The riches of international travel

George Curry | 8/12/2013, 10:08 a.m.
CASABLANCA, Morocco – When I left Dulles Airport near Washington, D.C., last Thursday afternoon on Air France Flight #39, changed ...
George E. Curry, former editor-in-chief of Emerge magazine, is editor-in-chief of the National Newspaper Publishers Association News Service. He is a keynote speaker, moderator and media coach. Curry can be reached through his website, http://www.georgecurry.com. You can also follow him at http://www.twitter.com/currygeorge.

(NNPA) – CASABLANCA, Morocco – When I left Dulles Airport near Washington, D.C., last Thursday afternoon on Air France Flight #39, changed planes at Charles de Gaulle Airport in Paris, and arrived Friday morning in the capital city of Rabat aboard Air France Flight # 1258, I knew I was in for an enriching experience that always accompanies international travel.

Since last August, I have traveled to Brazil, China, South Africa, Zimbabwe and now Morocco. And the year isn’t over yet. Largely because of my career as a journalist, I have also traveled to Cairo, Beijing, Shanghai, Vienna, Bangkok, Accra, Paris, Rome, Kuala Lumpur, London, Havana, Dakar, Nuremburg, Montreal, Vancouver, Doha and Mexico City, among other places.

Growing up in Tuscaloosa, Ala., my Uncle Buddy Harris, who was in the Navy, was the first person to whet my appetite for international travel. He would send cards and letters to Big Mama and for some reason, I remember him bringing back a colorful jacket from Okinawa, Japan. I couldn’t have been more than 7 or 8 years old at the time. As I grew older, Uncle Buddy would regale me with stories about his time in the Navy. And my stepfather, William H. Polk, introduced me to the wonders of Africa.

On the domestic front, I was excited whenever my Uncle Percy Harris would let me tag along with him and Big Mama to Johnson City, Tenn., to visit his sister, my Aunt Julia Mae. Although in the state just north of Alabama, Johnson City had desegregated its schools in the early 1960s when Alabama was bringing up the rear, ranking ahead of only Mississippi in education.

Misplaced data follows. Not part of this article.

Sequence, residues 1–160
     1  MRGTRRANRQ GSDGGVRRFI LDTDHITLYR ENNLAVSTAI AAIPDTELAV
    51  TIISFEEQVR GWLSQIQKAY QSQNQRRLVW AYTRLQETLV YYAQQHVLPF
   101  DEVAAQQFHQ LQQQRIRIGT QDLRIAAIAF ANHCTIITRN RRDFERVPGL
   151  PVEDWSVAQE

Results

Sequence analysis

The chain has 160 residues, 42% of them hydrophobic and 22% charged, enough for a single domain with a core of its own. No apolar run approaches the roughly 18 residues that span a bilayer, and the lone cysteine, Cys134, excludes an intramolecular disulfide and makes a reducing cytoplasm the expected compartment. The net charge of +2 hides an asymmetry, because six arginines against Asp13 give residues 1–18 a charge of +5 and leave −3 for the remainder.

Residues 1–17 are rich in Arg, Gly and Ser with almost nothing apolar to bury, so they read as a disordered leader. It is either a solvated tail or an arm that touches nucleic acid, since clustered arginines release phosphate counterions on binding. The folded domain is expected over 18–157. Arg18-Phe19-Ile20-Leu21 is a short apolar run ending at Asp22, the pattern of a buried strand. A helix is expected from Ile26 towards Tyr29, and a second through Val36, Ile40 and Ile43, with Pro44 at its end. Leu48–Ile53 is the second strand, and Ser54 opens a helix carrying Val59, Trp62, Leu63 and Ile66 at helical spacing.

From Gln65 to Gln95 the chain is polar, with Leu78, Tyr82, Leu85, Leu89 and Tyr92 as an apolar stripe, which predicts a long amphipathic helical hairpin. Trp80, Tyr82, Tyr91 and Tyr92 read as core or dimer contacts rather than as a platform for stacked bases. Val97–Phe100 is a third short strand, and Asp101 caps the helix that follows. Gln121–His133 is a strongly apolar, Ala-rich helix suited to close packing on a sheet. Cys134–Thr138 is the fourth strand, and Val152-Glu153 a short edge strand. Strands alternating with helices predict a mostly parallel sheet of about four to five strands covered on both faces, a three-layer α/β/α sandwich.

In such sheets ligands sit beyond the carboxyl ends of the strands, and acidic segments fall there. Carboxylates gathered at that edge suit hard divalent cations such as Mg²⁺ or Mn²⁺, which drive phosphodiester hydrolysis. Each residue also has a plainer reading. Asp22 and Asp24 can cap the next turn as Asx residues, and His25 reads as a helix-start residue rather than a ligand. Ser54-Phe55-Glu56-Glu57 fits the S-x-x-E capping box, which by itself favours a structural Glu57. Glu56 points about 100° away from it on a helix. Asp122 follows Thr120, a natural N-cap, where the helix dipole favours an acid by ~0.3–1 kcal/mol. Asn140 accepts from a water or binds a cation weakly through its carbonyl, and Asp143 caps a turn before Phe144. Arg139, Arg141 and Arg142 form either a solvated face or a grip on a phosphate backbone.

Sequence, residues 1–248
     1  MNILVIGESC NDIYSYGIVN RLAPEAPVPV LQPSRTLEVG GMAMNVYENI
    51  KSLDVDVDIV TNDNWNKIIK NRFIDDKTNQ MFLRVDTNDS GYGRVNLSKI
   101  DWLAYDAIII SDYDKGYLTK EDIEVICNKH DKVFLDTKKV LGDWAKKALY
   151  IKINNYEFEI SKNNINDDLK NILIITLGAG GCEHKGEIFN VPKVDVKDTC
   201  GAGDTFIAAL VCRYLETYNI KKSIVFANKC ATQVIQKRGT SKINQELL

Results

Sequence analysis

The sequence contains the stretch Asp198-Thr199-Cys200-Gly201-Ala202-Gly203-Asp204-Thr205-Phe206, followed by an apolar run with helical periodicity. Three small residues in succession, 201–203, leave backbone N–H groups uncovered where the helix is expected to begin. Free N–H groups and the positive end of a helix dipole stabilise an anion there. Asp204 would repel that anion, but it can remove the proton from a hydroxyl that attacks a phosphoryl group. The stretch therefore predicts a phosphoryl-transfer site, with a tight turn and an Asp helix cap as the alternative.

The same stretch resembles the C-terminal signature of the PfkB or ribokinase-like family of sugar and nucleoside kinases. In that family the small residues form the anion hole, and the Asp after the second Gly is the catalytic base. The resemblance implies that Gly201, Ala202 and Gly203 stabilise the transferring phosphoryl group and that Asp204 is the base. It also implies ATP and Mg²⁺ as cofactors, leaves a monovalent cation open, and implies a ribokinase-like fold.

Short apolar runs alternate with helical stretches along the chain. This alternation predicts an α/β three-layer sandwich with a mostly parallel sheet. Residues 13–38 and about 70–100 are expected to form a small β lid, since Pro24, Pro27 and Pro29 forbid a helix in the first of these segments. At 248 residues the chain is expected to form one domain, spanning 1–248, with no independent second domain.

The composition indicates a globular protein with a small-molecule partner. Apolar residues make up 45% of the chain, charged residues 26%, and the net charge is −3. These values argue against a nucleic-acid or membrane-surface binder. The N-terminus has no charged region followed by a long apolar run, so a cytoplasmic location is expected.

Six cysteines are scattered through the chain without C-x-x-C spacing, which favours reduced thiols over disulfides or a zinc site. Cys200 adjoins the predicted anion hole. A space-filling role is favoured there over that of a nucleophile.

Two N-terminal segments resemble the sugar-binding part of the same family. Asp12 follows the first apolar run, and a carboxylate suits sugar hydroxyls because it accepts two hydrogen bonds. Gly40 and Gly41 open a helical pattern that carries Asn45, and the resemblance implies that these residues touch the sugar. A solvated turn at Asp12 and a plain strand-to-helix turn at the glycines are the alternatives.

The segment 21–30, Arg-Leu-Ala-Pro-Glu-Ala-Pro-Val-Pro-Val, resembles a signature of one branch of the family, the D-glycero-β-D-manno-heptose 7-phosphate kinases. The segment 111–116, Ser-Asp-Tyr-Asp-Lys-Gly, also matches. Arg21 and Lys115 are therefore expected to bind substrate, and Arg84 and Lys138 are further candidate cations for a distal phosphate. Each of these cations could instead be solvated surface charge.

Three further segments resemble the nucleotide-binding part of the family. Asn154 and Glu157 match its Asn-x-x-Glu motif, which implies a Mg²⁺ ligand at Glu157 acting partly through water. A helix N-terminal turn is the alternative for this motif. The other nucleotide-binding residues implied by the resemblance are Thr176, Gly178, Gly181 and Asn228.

I knew that one day I wanted to travel like Uncle Buddy. Today, he marvels at all the places I visit, but refuses to accept the credit he deserves for stirring that interest in me.

More than anything else, traveling abroad reminds me that we live in a global society and people elsewhere know a great deal about the U.S. while we are too ignorant and arrogant to study other societies.

On a trip to China last December, first-grade students in Xi’an hurriedly ran to visit a group of Black journalists from the U.S. so that they could practice their English. Students around the globe also learn to speak English at an early age. And where does that leave Americans who stubbornly cling to the misguided notion that others should learn our language but we shouldn’t learn other languages?

Once on a trip to Paris, I overheard a huffy White American woman complain: “Why don’t they speak English here?” She was in France complaining about them speaking their native language.

Whether seeing the pyramids in Egypt or visiting the Vatican in Italy, there is so much to learn about history and other cultures. Visiting the birthplace of civilization can’t help but instill pride, something that can benefit our Black youth in particular.

No trip has been more emotional than visiting Goree Island, on the edge of Dakar, Senegal. Standing in the “Door of No Return” is a chilling reminder of what our ancestors faced and, more important, survived.